Aramco to pay $18.75bn dividend even as second-quarter net profit slides

Last week, Sabic, the region’s biggest petrochemicals company, reported its third consecutive quarterly loss on the back of lower product prices

epa07989048 Visitors gather at Saudi's Aramco section during Abu Dhabi International Petroleum Exhibition and Conference (ADIPEC) in Abu Dhabi, United Arab Emirates, 11 November 2019. ADIPEC, a meeting place of the international oil and gas community, runs between 11 and 15 November 2019.  EPA/ALI HAIDER
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Saudi Aramco will pay a second-quarter dividend of $18.75 billion (Dh68.87bn) despite a 73.4 per cent fall in net profit due to lower oil prices and declining refining and chemicals margins during the coronavirus crisis.

The payout, which is scheduled for August 31, is more than the $13.4bn paid during the same period last year.

“Strong headwinds from reduced demand and lower oil prices are reflected in our second-quarter results,” Aramco president and chief executive Amin Nasser said.

“Yet, we delivered solid earnings because of our low production costs, unique scale, agile workforce and unrivalled financial and operational strength. This helped us deliver on our plan to maintain a second-quarter dividend.”

Net profit for the second quarter dropped to 24.62bn Saudi riyals (Dh24bn) from the year-earlier period, as the Covid-19 pandemic tipped the global economy into its deepest recession since the Great Depression, the company said in a regulatory filing on Sunday to the Tadawul exchange where its shares trade.

Analysts had expected a net profit of 31.3bn riyals in the second quarter, according to the mean estimate from three analysts, provided by Refinitiv. Net income for the first half of 2020 fell to 87.10bn riyals, compared to 175.87bn in the first six months of last year.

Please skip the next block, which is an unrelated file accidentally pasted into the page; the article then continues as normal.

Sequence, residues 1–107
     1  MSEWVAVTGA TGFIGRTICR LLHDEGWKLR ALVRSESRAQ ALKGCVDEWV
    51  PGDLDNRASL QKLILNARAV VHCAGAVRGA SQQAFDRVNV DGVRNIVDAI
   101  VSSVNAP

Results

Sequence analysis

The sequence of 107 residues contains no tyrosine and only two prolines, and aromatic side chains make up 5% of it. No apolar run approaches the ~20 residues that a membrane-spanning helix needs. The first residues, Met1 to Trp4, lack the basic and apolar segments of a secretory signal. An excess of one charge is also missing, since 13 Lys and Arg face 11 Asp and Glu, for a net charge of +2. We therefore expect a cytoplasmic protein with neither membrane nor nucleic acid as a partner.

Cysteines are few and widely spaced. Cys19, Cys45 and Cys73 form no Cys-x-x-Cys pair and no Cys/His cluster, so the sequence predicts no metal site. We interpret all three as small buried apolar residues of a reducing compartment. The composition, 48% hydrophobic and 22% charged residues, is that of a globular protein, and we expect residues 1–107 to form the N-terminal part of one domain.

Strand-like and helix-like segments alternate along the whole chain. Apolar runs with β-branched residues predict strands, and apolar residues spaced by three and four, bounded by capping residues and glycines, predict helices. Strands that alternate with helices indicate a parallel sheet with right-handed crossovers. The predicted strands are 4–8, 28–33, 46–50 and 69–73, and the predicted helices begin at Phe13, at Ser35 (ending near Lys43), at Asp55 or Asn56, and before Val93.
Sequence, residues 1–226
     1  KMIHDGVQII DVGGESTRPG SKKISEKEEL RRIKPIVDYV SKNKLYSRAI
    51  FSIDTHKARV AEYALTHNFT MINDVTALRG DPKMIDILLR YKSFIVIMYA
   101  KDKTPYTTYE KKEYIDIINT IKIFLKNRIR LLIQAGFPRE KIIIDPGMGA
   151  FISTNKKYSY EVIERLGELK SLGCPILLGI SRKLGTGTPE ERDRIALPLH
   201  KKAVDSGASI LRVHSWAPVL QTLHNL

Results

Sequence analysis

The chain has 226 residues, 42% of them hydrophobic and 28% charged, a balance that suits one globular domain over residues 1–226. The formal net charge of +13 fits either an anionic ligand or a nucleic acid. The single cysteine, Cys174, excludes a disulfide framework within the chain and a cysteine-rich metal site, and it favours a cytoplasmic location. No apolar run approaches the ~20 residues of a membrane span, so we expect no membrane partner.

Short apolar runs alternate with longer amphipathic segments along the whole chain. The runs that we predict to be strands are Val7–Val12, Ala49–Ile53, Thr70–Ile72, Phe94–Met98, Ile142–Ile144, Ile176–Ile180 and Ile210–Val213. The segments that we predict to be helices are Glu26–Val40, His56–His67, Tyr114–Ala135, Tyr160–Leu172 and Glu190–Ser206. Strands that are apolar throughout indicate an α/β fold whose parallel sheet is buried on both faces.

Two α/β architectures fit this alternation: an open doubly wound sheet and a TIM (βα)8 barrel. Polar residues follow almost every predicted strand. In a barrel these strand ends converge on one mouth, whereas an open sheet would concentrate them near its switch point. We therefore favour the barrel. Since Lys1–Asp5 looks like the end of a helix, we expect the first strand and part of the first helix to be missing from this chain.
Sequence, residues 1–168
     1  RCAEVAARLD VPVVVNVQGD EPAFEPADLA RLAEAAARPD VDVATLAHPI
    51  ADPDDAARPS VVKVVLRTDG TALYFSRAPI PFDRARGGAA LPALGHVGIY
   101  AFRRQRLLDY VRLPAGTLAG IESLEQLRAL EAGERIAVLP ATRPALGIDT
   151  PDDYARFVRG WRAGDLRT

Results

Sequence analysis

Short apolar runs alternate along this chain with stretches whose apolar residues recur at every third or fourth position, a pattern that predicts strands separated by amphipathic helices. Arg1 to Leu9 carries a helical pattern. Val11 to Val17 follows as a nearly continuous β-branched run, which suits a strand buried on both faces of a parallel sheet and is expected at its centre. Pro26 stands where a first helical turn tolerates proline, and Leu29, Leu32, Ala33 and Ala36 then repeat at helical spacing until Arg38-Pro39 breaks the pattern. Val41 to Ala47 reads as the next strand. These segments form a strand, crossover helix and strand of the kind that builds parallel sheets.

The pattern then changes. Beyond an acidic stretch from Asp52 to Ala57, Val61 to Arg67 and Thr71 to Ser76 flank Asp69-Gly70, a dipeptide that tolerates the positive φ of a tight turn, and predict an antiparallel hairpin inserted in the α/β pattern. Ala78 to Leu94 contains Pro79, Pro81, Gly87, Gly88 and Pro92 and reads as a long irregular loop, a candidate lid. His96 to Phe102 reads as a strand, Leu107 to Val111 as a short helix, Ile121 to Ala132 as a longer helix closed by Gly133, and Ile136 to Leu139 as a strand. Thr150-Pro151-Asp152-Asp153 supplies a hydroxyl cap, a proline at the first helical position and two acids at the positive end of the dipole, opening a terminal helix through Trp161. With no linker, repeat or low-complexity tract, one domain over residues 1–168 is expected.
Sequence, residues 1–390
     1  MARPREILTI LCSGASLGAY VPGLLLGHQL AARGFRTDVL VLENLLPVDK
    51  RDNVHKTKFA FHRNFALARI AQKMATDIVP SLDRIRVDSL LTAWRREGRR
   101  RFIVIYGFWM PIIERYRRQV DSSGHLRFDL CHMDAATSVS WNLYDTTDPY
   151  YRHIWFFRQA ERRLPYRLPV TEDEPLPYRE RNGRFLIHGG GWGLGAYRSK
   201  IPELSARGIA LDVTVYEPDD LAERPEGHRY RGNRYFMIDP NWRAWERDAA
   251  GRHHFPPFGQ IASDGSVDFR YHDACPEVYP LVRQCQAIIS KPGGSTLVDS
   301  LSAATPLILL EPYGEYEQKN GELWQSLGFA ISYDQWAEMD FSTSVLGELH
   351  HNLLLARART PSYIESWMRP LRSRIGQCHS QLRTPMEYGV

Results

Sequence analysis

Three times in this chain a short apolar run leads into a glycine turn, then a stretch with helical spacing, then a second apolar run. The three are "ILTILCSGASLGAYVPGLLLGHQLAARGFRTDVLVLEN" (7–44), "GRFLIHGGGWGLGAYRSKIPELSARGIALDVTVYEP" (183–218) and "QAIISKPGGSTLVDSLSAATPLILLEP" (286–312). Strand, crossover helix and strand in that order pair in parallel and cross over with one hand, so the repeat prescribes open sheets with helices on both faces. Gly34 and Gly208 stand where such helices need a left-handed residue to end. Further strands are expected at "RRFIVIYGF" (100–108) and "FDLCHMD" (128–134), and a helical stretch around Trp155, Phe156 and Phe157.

Aramco's share price rose 0.3 per cent to 33.05 riyals following the results, giving the company a market capitalisation of 119.79bn riyals.

Saudi Aramco is expected to maintain “sustainable” payments to its investors as revenue picks up in the coming quarters, said Vijay Valecha, chief investment officer at Century Financial in Dubai.

“Revenue is expected to gradually recover in the coming quarters, so it will alleviate the stress on dividends in the near term,” he said.

Aramco’s total sales dropped by 57 per cent to 123.23bn riyals during the second quarter.

The company reported a 70.3 per cent year-on-year decline in free cash flow to $6.1bn during the same period.

Capital expenditure for the second quarter stood at $6.2bn and $13.6bn for the first half.

The company said this year’s expenditure is expected to be at “the lower end” of the $25bn to $30bn range, as it optimises capital and efficiency.

Mr Valecha said he believes Aramco’s profitability will not recover until the first half of 2021.

“The worst of oil market seems to be behind us, with Asian crude demand almost reaching pre-coronavirus levels,” he said.

“Nevertheless, oil inventories remain elevated and there is a good possibility that prices will remain depressed for the remainder of the year.”

Aramco is looking to diversify its portfolio at a time of increased uncertainty in the energy industry, which is undergoing a large-scale transition.

The state oil company is looking at strategic asset acquisitions, particularly a $15bn stake in Indian refiner Reliance.

Aramco’s total production reached 12.7 million barrels per day of oil equivalent in the second quarter, as the company raised its output in April after the collapse of Opec+ talks.

Saudi Arabia has since reduced output in line with a historic pact to cut 9.7 million bpd of output.

The alliance is now lowering the cuts and drawing back 7.7 million bpd of production from the markets.

Aramco continues to expand its gas business to meet local and international demand, with its Fadhili Gas Plant reaching full output capacity of 2.5 billion cubic feet per day in the second quarter.

Saudi Aramco also continues to pursue its downstream strategy amid plans to increase its global refining capacity from 4.9 million bpd to between 8 million bpd and 10 million bpd by 2030. Around 2 million bpd to 3 million bpd of output will be converted into petrochemical products.

Last week, Sabic, the region’s biggest petrochemicals company, reported its third consecutive quarterly loss on the back of lower product prices and impairment provisions on certain assets.

Aramco acquired a 70 per cent stake in Sabic worth $69.1bn from the Public Investment Fund, the kingdom's sovereign wealth fund, in June.

Sabic registered a net loss of 2.22bn Saudi riyals during the second quarter, compared with a profit of 2bn riyals for the same period last year.